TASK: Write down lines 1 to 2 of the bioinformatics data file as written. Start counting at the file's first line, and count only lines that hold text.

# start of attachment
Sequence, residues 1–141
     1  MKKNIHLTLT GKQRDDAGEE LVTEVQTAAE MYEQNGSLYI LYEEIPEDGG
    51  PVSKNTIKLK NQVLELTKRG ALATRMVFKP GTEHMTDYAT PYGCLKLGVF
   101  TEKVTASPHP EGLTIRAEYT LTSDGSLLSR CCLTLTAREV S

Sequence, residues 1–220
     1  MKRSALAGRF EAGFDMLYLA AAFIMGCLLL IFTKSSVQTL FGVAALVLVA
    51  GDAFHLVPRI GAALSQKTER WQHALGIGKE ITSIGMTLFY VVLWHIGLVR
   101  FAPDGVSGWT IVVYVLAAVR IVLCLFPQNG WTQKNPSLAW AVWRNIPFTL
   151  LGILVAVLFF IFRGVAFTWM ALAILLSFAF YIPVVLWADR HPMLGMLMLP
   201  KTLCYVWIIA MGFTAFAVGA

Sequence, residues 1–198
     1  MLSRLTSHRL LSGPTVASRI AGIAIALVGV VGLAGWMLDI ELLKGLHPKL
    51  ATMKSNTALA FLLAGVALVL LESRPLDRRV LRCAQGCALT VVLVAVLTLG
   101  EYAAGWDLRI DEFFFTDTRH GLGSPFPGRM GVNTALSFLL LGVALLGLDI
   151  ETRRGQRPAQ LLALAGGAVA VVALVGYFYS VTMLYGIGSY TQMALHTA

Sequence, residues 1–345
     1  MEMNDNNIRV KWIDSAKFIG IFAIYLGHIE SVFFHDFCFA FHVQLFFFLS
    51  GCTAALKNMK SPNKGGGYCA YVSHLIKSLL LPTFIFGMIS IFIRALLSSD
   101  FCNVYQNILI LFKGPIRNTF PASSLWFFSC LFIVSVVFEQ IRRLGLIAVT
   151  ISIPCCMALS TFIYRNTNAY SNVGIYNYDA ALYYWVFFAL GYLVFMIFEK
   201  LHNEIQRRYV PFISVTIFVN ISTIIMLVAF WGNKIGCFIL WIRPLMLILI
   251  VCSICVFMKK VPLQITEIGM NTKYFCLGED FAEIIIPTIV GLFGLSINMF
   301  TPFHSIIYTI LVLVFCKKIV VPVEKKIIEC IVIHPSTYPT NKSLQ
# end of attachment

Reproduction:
Sequence, residues 1–141
     1  MKKNIHLTLT GKQRDDAGEE LVTEVQTAAE MYEQNGSLYI LYEEIPEDGG